Falling Interest Rates Whack Legal Aid Groups

Funds tied to Fed's benchmark rate
By Kevin Spak,  Newser Staff
Posted Jan 19, 2009 1:11 PM CST
Falling Interest Rates Whack Legal Aid Groups
David Hall, executive director of Texas Rio Grande Legal Aid, is shown outside the Texas Capitol before a news conference Thursday, May 29, 2008, in Austin, Texas.    (AP Photo/Harry Cabluck)

There’s been some collateral damage from the Federal Reserve’s slashing of interest rates: legal aid societies. These groups, which aim to help the poor in civil cases, such as unemployment or foreclosure disputes, have long relied on little-known programs to draw interest from short-term deposits from clients. With the Fed rate near zero, they’re scaling back, even as demand for their services soars.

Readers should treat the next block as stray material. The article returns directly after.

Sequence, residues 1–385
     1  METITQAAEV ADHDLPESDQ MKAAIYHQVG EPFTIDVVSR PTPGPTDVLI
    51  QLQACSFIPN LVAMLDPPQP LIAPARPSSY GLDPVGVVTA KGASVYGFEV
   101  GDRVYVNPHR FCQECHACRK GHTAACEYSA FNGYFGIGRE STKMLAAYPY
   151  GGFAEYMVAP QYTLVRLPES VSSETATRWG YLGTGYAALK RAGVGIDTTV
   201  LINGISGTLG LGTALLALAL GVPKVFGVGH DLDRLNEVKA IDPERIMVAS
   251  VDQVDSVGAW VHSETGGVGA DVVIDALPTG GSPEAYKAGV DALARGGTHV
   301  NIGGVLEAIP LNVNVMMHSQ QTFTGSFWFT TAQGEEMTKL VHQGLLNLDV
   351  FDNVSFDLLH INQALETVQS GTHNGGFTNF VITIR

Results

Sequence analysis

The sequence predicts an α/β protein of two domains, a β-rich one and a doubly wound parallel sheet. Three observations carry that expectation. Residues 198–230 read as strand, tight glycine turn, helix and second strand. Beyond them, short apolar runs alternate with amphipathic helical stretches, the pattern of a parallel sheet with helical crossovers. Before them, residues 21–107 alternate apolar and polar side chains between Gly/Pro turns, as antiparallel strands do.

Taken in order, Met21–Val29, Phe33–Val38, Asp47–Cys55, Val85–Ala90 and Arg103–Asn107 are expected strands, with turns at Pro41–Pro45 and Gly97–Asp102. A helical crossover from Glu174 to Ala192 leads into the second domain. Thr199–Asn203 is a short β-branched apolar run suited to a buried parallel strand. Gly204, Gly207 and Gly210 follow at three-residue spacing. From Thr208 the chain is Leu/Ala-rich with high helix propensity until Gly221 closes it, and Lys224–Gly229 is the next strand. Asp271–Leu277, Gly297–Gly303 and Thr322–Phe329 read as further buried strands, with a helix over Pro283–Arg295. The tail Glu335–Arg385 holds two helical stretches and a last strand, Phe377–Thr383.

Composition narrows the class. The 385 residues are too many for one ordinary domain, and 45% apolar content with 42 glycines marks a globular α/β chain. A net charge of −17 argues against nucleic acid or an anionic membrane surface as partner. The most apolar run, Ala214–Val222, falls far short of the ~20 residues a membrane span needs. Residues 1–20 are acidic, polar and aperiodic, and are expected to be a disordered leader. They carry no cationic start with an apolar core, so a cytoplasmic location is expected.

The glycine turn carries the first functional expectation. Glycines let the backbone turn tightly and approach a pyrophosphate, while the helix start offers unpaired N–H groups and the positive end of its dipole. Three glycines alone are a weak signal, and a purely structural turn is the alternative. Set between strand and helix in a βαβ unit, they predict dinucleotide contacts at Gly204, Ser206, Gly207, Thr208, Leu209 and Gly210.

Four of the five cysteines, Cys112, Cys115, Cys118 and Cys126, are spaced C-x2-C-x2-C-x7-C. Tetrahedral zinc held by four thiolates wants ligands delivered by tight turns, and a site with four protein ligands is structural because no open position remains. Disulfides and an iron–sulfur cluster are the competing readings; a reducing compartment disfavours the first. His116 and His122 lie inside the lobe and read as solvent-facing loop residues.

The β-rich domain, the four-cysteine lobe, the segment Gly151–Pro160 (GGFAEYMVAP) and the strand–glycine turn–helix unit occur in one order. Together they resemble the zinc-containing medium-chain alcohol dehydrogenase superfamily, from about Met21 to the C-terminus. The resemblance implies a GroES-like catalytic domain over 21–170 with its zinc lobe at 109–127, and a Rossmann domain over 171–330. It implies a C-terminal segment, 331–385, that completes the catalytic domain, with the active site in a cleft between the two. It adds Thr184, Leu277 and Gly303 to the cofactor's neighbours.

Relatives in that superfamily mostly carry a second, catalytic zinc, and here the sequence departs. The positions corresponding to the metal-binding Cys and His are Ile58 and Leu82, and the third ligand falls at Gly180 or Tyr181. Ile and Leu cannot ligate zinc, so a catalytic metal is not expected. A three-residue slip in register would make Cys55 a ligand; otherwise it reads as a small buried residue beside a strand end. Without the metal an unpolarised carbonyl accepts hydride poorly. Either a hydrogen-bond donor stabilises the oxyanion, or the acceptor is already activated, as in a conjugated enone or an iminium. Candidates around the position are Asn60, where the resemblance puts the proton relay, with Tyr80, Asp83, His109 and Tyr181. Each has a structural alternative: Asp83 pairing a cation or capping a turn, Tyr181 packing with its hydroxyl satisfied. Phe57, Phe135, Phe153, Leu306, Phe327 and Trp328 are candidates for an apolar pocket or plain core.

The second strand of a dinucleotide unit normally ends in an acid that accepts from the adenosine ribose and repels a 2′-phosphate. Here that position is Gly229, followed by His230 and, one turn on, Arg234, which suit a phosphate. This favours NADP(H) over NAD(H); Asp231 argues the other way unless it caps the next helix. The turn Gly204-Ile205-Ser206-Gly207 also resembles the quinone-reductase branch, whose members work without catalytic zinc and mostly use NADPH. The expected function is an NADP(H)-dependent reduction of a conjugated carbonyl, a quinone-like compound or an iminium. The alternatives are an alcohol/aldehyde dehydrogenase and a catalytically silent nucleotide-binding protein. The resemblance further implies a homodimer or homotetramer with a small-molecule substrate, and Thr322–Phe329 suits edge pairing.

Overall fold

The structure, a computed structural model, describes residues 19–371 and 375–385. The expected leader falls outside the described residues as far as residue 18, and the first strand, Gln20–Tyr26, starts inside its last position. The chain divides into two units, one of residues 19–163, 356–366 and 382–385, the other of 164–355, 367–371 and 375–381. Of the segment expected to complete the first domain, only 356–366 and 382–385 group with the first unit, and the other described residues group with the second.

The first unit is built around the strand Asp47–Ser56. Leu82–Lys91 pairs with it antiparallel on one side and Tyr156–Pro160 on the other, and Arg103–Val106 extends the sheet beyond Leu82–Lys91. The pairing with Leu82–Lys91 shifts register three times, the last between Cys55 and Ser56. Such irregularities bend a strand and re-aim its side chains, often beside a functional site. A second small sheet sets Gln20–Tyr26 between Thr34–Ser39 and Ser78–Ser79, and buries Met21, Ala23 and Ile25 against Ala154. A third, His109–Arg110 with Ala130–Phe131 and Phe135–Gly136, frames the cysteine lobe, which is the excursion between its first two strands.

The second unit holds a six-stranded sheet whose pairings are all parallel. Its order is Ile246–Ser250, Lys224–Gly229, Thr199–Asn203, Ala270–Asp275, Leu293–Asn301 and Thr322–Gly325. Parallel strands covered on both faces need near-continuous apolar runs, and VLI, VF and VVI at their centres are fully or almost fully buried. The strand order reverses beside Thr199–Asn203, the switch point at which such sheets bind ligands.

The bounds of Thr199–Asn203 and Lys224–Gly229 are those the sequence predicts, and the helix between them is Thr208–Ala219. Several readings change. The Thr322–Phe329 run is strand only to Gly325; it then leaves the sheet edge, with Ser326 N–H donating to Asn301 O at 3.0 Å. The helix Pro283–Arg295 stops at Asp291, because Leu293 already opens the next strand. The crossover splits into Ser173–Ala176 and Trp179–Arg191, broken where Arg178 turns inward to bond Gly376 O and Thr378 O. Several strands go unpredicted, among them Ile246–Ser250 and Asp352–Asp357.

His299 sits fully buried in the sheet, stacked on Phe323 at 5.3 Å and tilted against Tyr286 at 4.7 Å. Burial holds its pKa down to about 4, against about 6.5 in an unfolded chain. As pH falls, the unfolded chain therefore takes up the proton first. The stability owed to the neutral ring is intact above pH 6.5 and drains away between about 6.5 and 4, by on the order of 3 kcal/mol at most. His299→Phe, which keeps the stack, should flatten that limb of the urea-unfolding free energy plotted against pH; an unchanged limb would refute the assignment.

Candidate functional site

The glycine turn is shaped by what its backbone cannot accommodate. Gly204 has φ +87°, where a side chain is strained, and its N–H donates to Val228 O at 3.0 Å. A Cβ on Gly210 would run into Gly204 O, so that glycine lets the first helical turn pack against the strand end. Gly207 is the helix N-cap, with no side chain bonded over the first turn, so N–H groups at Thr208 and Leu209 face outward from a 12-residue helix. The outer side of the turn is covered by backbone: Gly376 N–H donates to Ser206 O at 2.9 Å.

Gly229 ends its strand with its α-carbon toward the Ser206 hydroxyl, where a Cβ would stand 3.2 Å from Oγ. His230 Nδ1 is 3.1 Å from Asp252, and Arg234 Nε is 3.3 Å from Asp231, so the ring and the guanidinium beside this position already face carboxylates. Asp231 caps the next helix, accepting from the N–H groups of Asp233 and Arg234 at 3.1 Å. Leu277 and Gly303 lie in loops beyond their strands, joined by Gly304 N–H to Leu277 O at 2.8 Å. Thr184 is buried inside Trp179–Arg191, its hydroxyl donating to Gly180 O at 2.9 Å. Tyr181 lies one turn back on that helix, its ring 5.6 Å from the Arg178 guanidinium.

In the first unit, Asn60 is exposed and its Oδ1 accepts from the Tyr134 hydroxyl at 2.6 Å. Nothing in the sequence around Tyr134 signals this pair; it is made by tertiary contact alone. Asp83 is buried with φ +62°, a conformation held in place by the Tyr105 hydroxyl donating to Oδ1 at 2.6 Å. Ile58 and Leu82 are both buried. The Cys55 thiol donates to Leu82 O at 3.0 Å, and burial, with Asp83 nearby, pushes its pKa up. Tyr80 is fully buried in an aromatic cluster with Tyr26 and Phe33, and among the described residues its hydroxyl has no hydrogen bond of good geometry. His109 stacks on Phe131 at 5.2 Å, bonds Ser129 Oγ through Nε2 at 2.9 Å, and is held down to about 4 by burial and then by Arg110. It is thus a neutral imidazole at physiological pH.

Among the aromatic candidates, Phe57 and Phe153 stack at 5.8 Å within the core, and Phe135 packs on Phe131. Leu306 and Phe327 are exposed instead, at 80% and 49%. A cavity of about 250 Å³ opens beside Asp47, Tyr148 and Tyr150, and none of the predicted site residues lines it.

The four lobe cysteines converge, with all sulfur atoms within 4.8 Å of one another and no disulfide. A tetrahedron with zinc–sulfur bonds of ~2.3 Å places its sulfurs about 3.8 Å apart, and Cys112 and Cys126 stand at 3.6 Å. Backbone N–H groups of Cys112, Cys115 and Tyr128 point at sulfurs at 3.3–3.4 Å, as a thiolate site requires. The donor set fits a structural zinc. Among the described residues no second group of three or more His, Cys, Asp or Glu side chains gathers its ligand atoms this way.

“We are watching the interest rates with a sense of horror,” said the director of a Connecticut group. Even in good times, many agencies had to turn away qualified applicants. Now, according to one New York attorney, it’s like “a MASH unit in a war zone.” Federal money is available, but it comes with strings attached. Groups taking it can't work on class-action cases, or anything related to immigration, abortion, and other contentious issues. (Read more legal defense stories.)

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